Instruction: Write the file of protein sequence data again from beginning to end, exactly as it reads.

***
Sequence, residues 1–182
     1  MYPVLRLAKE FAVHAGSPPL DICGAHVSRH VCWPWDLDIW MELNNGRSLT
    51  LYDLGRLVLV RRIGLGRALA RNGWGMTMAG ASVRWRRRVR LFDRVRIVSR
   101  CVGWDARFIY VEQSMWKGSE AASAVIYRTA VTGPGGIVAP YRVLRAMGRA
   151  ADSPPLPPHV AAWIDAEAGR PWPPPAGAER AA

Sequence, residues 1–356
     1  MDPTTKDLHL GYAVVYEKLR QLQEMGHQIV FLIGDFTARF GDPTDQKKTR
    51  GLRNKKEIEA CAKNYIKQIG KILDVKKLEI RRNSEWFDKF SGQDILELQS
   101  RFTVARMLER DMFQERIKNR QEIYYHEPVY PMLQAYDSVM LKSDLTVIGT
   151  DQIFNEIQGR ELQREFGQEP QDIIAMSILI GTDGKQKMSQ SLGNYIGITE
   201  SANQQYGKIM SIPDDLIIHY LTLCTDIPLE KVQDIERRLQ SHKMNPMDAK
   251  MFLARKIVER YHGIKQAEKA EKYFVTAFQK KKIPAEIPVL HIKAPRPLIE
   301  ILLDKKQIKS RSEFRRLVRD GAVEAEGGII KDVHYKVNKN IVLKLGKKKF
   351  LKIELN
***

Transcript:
Sequence, residues 1–182
     1  MYPVLRLAKE FAVHAGSPPL DICGAHVSRH VCWPWDLDIW MELNNGRSLT
    51  LYDLGRLVLV RRIGLGRALA RNGWGMTMAG ASVRWRRRVR LFDRVRIVSR
   101  CVGWDARFIY VEQSMWKGSE AASAVIYRTA VTGPGGIVAP YRVLRAMGRA
   151  ADSPPLPPHV AAWIDAEAGR PWPPPAGAER AA

Sequence, residues 1–356
     1  MDPTTKDLHL GYAVVYEKLR QLQEMGHQIV FLIGDFTARF GDPTDQKKTR
    51  GLRNKKEIEA CAKNYIKQIG KILDVKKLEI RRNSEWFDKF SGQDILELQS
   101  RFTVARMLER DMFQERIKNR QEIYYHEPVY PMLQAYDSVM LKSDLTVIGT
   151  DQIFNEIQGR ELQREFGQEP QDIIAMSILI GTDGKQKMSQ SLGNYIGITE
   201  SANQQYGKIM SIPDDLIIHY LTLCTDIPLE KVQDIERRLQ SHKMNPMDAK
   251  MFLARKIVER YHGIKQAEKA EKYFVTAFQK KKIPAEIPVL HIKAPRPLIE
   301  ILLDKKQIKS RSEFRRLVRD GAVEAEGGII KDVHYKVNKN IVLKLGKKKF
   351  LKIELN